Final results of tests performed by the US Food and Drug Administration (FDA) on 30 kratom products confirm the presence of heavy metals, including lead and nickel, at concentrations not considered safe for human consumption, the FDA said Wednesday.
The FDA first warned of "disturbingly" high levels of heavy metals, including lead and nickel, last November, as reported by Medscape Medical News. The FDA has posted a list of the kratom products and concentrations of heavy metals found in them on its website. Based on reported patterns of kratom use, heavy kratom users may be exposed to levels of lead and nickel many times greater than the safe daily exposure, the FDA warns in a statement.
Based on these test results, the typical long-term kratom user could potentially develop heavy metal poisoning, which could include nervous system or kidney damage, anemia, high blood pressure, and increased risk of certain cancers, the agency adds.
"Over the last year, the FDA has issued numerous warnings about the serious risks associated with the use of kratom, including novel risks due to the variability in how kratom products are formulated, sold and used both recreationally and by those who are seeking to self-medicate for pain or to treat opioid withdrawal symptoms," FDA Commissioner Scott Gottlieb, MD, said in the statement.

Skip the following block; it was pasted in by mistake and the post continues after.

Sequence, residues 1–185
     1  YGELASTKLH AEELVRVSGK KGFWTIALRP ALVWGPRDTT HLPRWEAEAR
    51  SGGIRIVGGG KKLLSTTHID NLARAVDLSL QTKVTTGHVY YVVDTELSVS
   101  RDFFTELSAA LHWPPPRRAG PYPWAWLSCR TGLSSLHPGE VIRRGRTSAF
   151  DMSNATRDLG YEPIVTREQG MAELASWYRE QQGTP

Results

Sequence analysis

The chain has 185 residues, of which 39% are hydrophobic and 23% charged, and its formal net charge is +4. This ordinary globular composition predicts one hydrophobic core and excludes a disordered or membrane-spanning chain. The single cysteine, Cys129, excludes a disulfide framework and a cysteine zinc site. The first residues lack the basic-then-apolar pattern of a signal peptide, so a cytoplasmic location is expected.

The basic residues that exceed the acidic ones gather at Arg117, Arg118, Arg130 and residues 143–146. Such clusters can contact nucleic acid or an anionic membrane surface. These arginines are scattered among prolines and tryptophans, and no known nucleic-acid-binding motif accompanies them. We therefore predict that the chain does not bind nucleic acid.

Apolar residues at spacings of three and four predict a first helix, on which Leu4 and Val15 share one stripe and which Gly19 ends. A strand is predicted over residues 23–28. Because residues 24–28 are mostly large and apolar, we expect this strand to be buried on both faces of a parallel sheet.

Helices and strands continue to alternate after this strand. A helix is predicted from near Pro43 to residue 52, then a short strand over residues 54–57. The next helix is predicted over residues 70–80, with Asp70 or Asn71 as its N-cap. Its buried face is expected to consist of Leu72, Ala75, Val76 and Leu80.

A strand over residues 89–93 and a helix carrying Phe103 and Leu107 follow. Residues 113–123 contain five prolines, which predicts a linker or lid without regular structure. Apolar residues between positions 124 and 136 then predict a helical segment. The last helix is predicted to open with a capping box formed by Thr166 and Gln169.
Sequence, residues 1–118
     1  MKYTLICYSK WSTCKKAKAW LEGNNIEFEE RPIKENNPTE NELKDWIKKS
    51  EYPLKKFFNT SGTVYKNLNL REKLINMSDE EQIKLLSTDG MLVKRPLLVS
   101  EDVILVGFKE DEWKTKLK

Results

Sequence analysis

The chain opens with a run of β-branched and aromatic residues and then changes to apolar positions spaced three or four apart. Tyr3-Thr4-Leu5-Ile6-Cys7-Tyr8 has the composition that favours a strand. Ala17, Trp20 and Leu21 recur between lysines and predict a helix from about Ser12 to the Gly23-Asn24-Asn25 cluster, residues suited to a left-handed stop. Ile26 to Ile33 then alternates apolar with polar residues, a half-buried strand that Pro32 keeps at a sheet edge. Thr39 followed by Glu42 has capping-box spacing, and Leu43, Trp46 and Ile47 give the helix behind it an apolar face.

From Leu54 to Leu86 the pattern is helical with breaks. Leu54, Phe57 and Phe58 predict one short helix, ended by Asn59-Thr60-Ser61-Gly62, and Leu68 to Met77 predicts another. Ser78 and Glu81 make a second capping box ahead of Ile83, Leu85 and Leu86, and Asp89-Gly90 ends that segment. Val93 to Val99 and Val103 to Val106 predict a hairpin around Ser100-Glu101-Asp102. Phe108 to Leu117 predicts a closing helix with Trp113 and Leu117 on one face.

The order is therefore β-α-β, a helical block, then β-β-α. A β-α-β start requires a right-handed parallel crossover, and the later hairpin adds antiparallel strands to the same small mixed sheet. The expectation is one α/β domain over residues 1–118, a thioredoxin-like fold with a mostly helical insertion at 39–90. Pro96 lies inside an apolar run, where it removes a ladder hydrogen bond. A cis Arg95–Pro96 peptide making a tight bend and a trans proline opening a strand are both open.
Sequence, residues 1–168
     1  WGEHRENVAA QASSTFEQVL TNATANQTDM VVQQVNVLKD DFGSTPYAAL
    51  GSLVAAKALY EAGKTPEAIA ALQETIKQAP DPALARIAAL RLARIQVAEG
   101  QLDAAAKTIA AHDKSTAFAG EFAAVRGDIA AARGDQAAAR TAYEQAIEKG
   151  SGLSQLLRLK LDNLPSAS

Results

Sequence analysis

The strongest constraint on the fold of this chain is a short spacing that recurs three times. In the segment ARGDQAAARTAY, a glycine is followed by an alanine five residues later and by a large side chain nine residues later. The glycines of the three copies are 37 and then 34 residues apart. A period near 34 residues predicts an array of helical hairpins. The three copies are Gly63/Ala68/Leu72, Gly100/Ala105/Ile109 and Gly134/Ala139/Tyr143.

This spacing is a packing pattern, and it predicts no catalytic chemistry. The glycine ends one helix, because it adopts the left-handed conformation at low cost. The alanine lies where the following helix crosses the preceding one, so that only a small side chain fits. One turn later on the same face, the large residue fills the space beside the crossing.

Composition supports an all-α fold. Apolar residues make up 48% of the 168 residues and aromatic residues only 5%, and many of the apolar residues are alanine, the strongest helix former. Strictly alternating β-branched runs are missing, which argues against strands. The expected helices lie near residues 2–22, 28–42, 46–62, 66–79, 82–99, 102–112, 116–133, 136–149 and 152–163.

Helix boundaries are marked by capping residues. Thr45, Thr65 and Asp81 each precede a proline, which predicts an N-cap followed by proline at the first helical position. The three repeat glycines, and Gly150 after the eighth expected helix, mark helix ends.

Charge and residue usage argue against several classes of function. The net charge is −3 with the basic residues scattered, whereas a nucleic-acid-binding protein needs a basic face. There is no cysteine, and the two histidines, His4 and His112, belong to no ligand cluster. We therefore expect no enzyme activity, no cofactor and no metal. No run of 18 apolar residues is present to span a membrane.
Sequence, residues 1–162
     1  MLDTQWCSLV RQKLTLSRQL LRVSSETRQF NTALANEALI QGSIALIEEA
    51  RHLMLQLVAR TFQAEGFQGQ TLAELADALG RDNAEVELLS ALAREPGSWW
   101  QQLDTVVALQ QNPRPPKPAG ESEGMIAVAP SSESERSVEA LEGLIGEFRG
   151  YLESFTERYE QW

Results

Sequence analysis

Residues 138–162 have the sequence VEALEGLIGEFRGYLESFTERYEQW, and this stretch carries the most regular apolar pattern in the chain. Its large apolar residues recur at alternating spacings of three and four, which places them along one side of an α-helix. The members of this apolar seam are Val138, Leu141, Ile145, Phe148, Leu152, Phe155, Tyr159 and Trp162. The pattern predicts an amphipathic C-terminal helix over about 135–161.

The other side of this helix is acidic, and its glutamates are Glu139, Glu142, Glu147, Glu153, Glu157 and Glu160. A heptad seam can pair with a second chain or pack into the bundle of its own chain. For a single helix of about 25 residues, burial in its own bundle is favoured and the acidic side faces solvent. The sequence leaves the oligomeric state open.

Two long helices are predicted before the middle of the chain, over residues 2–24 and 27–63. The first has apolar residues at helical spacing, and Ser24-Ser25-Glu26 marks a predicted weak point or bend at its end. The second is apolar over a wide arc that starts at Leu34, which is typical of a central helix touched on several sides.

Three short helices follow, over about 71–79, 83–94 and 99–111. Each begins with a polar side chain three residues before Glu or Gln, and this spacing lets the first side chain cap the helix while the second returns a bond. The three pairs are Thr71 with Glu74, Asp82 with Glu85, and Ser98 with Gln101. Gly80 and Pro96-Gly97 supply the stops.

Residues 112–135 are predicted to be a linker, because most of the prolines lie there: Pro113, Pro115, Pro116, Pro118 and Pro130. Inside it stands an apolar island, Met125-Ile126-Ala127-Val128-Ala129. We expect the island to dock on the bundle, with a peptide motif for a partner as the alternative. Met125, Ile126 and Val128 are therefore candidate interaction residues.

Gottlieb said the FDA has been "attempting to work" with the companies whose kratom products contain high levels of heavy metals. The agency has released the final laboratory results to the public to "help make sure consumers are fully informed of these risks." "The data from these results support our public warning about the risk of heavy metals in kratom products. The findings of identifying heavy metals in kratom only strengthen our public health warnings around this substance and concern for the health and safety of Americans using it," he added.
No Approved Use Kratom is derived from the leaves of the kratom tree (Mitragyna speciosa), which is native to Thailand, Indonesia, and Papua New Guinea. The botanical's popularity has been increasing in the United States, with manufacturers — and those who take it — claiming it can help treat pain, anxiety, depression, and more recently, opioid withdrawal. Last year, an analysis of kratom by FDA scientists found that its compounds act like prescription-strength opioids. In addition to heavy metal contamination, kratom products have also been found to be contaminated with Salmonella, resulting in numerous illnesses and product recalls. Kratom has been linked to numerous deaths in the United States. There are currently no FDA-approved uses for kratom, and the agency has advised against using kratom or its psychoactive compounds mitragynine and 7-hydroxymitragynine in any form and from any manufacturer.
Health providers are encouraged to report any adverse reactions related to kratom products to MedWatch, the FDA's safety information and adverse event reporting program.